The place of Nunn's newest is the Bay Area, with him doing for San Francisco, Berkeley and Oakland what he's done so well for So Cal. Make it scary! Scarier, but also funny. It's a mash-up of mathematics and science, brain injury, multiple personalities, difficult parenthood, compromised and dangerous and elicit love, with a winningly flawed hero, natch, who trespasses by way of ethics and his own much-tested moral code. He is Dr. Eldon Chance (great name, Dr. Chance), a forensic neuro-psychiatrist who writes diagnoses of people who are nuts or head-injured, who need a medical man to testify so they can perhaps get some kind of justice, or mercy, insurance or medical treatment, or stay our of or perhaps in jail. The reader certainly learns about what is going on inside the human noggin, both a healthy one and a not-so. There are a number of walking, talking specimens who all pass for sane, calling attention to the flimsy distinctions. Chance has a femme fatale to outshine or, better, outshame or frighten all the rest, and a dangerous buddy conspirator, this novel seeming to romance the buddy-movie doppleganger alter ego theme to its maximum. Oh, and yes, there is of course the corrupt cop who happens to be whose violent and crazy boyfriend?
| Watch where you step!|
Throw in the obvious if thrilling homage to Hitchcock's "Vertigo" and that amazing Robert Mitchum movie "Out of the Past," and the light and fog, bright and darkly dualistic descriptions of Bay Area weather and mood, and of course the keen, sardonic if always empathetic observations of regular people, and you will never ride BART the same way again.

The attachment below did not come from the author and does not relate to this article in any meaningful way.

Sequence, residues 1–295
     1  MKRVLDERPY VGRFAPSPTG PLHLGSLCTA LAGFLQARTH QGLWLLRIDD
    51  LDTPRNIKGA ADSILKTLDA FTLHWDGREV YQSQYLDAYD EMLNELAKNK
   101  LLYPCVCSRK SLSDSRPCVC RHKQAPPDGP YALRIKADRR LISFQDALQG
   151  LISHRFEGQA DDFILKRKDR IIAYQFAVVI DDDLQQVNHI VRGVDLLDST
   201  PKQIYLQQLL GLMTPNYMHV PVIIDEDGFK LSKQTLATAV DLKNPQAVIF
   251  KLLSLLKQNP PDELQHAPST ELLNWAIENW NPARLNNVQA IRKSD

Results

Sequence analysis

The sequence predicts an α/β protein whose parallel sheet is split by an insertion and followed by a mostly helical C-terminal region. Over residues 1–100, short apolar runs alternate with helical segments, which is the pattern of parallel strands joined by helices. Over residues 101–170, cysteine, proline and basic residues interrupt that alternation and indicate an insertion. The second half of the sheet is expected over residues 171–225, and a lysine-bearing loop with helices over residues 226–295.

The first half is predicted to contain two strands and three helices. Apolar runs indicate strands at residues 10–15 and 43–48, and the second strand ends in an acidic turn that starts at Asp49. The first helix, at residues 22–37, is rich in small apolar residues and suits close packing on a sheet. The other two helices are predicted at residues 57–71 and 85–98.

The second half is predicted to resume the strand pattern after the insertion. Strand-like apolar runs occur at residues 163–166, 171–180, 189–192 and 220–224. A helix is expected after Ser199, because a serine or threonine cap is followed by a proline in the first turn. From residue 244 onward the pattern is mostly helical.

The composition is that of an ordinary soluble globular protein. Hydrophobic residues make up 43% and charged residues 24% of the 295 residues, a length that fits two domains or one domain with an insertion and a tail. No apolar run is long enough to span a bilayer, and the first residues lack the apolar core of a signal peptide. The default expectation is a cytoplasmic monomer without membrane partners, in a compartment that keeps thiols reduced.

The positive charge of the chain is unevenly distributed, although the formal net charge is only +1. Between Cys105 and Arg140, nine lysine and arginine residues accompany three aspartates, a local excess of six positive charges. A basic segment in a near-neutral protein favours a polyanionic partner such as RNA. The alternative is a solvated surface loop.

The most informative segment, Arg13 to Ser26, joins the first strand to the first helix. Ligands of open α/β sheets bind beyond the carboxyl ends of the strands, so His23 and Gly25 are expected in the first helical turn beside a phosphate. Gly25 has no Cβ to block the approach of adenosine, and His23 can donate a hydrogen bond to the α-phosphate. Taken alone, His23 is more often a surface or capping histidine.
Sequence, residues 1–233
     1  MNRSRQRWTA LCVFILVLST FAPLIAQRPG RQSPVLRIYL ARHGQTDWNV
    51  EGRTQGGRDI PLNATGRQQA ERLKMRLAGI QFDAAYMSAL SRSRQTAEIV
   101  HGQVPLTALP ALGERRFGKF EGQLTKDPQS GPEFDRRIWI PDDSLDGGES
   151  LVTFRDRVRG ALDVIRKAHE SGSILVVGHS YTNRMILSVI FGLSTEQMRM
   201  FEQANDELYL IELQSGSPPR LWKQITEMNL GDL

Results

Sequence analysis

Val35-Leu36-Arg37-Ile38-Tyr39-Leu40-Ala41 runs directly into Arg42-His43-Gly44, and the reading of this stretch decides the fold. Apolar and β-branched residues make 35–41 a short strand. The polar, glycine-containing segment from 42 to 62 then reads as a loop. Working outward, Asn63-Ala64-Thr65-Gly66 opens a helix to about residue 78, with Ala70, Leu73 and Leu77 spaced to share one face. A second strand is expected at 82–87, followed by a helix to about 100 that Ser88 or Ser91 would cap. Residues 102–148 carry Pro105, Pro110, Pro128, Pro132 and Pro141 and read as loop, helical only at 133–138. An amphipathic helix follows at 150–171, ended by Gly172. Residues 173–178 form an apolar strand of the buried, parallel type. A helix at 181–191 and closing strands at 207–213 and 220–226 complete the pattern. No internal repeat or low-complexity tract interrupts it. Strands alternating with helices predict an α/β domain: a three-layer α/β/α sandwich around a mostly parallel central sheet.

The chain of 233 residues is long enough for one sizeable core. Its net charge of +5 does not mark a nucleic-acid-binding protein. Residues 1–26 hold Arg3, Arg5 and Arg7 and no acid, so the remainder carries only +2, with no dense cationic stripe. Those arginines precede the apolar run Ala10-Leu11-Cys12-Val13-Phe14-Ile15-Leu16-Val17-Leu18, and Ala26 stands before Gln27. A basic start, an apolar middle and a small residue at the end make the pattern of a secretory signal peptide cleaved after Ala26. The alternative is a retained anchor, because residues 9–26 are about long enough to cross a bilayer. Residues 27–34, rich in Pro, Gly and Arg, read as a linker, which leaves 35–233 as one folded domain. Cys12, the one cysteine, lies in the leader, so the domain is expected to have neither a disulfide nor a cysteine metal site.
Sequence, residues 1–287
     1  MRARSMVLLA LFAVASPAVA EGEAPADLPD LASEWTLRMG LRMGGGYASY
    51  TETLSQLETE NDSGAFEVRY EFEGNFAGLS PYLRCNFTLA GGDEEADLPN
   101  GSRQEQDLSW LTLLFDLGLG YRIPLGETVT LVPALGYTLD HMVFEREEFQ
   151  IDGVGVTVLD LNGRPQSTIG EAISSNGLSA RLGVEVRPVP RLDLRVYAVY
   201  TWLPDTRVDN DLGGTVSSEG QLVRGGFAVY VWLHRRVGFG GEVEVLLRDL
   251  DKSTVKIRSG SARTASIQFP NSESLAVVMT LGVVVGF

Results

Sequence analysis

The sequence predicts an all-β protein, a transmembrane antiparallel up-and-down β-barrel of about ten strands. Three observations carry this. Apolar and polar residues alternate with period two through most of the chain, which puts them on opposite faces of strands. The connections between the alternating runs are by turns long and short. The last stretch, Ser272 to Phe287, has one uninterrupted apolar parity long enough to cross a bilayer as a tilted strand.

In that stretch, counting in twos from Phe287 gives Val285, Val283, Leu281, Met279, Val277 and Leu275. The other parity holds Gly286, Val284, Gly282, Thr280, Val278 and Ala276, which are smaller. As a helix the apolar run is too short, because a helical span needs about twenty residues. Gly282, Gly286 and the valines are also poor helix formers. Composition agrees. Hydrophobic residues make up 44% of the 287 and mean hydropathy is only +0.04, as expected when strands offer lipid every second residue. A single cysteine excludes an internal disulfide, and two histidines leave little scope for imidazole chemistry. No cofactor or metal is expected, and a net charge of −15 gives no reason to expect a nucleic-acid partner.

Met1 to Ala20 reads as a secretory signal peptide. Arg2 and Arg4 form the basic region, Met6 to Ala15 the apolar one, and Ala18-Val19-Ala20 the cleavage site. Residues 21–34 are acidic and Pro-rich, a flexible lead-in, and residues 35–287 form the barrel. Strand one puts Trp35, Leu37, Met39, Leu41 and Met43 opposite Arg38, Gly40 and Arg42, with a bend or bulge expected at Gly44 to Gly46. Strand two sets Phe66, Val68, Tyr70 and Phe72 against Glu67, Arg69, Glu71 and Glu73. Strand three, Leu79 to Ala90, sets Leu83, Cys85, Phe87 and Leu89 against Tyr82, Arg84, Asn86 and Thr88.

But, happily for us (or unhappily, as it happens, but instructively), Dr. Eldon Chance narrates it all, being our docent of doom and delicious gloom, with danger and a difficult dame, and those frequent dark internal reminders of the ethos and motives of the anti-hero and, in this case, wounded hero: "Chance took it as a great irony, and not a happy one, that if h e'd spent the first half of his life trying to remember, stuffing his head with all manner of data and detail, he would surely spend the second and final half consumed by a desire to forget."
Instead of the classic eight million stories in the naked city, there are, notes Dr. Chance,
| What's up, Doc?|
"over nine hundred entries in the Diagnostic and Statistical Manual of Mental Disorders. In the time it took to traverse a city block, he was able to diagnose any number of neurological and psychiatric disorders, including tardive dyskinesia, Parkinsonian gait, one cervical dystonia together with an impressive display of what were no doubt substance-induced and quite possibly hallucinatory states of both agitation and elation, and that was just inside the bus."
Cool. Dark. Giddy-making. Dangerous. There's more, and more of the kind of darkly hilarious irony of this messed-up doctor who can't quite just do no harm, bending the rules, crossing the line, breaking the law and yet somehow does all that he needs to be to stay heroic, in the ways in which that fulfills a tradition of self-knowing, self-deceiving good-bad guys who wait between the waves, in the shadows, on the borders between those difficult to reconcile, much less live in locales called Evil and Not so Evil.
My hipper tv and film-recommending friends recommend "John from Cincinnati," the David Milch ("Deadwood") and Kem Nunn collaboration which ran for a single season on HBO. I've just added it to my Netflix list.
Chance, Kem Nunn, Sicribner, 311 pgs., $26.00
Andrew Tonkovich hosts the Wednesday night literary arts program Bibliocracy Radio on KPFK 90.7 FM in Southern California.